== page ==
One of those housing projects – for older people – was the subject of debate and community concern out on Stevens Avenue. Late last year the developers of the “Mother House” at the McCauley School sat down with worried neighbors and with help from the City Council came to an agreement on a smaller development. Fewer units, but a solution that won broad support. It looked like a model of compromise.
Now the lawyer part of me says: Calm down, recognize that the courts are a part of our land use system like it or not, and good developers understand that this is an unwelcome part of the process that you just have to be ready to deal with.
But the Chamber guy in me is worried about the message all this sends.
To developers: Work hard at compromise, make changes in good faith, spend money to get there and have it all tossed in the courts because two people have a bone to pick.
To citizens: There’s no reason to work toward compromise if it doesn’t stick, so why bother with all those meetings?
To the world: This a community that doesn’t know what it wants, so maybe we should move on.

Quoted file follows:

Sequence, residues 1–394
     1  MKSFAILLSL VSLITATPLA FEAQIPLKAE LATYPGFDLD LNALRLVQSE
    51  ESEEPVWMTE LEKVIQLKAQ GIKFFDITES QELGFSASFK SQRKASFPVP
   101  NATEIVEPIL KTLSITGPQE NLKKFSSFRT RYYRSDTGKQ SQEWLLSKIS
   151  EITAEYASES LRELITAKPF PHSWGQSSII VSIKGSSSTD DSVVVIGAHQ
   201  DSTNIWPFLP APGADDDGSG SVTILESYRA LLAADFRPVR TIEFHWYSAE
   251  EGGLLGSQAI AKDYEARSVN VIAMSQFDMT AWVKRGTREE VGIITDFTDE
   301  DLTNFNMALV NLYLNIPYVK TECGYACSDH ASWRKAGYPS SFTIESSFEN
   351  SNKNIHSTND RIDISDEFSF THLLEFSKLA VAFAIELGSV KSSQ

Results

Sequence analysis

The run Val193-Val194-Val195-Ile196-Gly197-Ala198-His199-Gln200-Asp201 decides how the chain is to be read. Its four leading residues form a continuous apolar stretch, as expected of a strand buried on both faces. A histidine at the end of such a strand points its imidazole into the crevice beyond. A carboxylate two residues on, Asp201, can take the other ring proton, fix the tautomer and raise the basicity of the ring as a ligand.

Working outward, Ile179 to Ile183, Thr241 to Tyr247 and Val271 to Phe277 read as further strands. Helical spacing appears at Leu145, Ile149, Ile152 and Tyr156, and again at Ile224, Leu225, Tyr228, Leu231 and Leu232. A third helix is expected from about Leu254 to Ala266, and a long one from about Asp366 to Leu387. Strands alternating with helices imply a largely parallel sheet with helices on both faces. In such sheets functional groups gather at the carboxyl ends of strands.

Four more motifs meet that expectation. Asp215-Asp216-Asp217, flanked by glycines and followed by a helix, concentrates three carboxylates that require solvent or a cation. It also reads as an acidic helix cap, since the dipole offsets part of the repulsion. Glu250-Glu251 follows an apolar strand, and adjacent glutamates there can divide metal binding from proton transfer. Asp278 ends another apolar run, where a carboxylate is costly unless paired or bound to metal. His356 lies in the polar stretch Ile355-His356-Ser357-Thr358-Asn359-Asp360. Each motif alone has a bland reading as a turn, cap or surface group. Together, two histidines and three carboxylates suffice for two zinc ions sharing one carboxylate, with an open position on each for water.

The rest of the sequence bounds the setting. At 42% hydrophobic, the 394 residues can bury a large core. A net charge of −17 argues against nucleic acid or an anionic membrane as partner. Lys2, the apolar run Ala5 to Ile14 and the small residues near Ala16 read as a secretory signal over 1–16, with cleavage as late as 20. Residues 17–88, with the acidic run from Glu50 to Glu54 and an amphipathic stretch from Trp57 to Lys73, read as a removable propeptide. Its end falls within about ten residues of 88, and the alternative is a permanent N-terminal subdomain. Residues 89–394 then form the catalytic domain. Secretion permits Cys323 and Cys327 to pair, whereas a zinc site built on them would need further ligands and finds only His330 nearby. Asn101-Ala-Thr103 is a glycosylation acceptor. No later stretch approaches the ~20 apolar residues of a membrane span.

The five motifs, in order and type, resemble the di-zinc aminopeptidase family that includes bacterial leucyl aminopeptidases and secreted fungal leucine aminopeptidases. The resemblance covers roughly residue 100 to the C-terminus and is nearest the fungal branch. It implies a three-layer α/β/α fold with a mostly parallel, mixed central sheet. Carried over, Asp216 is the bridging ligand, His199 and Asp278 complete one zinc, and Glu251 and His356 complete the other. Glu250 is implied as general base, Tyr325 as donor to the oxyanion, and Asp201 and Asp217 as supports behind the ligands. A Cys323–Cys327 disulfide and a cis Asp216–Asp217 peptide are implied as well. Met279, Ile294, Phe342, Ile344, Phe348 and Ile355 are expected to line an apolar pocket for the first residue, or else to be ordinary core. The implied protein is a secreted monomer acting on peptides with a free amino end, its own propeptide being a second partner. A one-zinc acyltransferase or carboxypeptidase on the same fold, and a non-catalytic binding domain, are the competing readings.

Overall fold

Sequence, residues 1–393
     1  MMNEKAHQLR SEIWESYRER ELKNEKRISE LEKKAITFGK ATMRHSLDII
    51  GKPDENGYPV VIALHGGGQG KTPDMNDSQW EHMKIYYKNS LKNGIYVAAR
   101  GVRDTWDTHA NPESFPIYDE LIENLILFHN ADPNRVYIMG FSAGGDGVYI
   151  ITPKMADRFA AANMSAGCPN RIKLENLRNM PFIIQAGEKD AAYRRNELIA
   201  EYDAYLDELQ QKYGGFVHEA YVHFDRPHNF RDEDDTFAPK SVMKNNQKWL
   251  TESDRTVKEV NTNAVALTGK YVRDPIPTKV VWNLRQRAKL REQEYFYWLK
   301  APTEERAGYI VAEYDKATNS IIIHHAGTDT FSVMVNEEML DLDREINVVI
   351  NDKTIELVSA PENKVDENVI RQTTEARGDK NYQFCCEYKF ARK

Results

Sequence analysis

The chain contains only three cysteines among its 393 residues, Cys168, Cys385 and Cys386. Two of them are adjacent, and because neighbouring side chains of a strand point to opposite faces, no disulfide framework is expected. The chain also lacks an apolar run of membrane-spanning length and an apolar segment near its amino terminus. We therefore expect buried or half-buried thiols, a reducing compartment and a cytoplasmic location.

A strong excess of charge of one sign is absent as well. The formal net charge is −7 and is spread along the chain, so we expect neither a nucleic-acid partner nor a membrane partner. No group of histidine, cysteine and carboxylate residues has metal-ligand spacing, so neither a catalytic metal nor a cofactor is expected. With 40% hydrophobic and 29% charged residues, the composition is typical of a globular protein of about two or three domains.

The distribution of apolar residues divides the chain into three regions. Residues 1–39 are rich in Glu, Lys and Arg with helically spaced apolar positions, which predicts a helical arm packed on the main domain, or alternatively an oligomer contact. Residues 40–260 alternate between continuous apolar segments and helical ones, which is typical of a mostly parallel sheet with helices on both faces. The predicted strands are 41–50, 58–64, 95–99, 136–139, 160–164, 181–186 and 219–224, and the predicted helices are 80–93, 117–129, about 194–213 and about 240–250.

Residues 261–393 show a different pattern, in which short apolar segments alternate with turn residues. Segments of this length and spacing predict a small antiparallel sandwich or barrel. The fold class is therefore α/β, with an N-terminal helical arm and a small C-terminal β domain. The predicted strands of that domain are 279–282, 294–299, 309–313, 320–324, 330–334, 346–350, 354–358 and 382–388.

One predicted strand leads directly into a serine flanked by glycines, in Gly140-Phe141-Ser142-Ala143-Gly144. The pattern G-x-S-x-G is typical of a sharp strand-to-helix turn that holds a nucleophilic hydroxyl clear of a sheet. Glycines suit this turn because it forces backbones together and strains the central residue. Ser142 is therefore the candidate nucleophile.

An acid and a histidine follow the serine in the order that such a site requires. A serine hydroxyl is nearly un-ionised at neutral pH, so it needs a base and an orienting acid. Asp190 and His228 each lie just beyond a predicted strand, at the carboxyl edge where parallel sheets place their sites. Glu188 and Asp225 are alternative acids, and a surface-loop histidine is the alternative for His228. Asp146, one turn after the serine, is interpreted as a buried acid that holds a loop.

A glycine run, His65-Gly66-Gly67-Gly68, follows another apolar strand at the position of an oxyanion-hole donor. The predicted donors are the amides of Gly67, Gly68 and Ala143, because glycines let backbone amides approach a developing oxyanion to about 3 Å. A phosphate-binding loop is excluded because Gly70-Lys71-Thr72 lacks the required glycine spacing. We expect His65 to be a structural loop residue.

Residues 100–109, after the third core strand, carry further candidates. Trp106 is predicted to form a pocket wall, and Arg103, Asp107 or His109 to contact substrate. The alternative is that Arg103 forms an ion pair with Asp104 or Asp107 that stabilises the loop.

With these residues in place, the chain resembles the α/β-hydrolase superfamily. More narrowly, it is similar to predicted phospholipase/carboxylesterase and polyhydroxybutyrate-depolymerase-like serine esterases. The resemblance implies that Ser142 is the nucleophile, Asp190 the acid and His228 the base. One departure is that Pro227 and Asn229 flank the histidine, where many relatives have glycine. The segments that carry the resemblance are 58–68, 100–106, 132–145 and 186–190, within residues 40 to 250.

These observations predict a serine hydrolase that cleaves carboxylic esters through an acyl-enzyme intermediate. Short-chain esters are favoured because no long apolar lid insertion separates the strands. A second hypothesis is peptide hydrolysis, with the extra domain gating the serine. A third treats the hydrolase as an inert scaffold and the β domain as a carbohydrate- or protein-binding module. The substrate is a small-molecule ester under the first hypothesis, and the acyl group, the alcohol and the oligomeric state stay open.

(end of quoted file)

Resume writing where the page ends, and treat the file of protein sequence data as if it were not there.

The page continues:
So here are some immediate thoughts.
First, if there is merit to the lawsuit, fix the underlying problem. If the comprehensive plan is broken - fix it, and start now. If the City’s zoning is ambiguous or in conflict with other requirements, let’s see some changes at the next Council meeting.
Second, if the lawsuit is without merit, seek sanctions. There are ways to do that under existing law. No one has the right to use the courts for frivolous purposes.
Third, and most importantly, it’s past time to build broad, durable community agreement on how the City and the region will grow over the next five and 10 years. Other communities around the country are doing this, and doing it well. We need to do it too. And we need to do it right away.
Ethan wants more housing, and so do we. The Portland Regional Chamber of Commerce sees housing and transit as regional issues of primary importance to everyone’s future prosperity. These priorities are bigger than a few pissed off neighbors, or a broken land use system, and as a community we need to recognized that and move forward.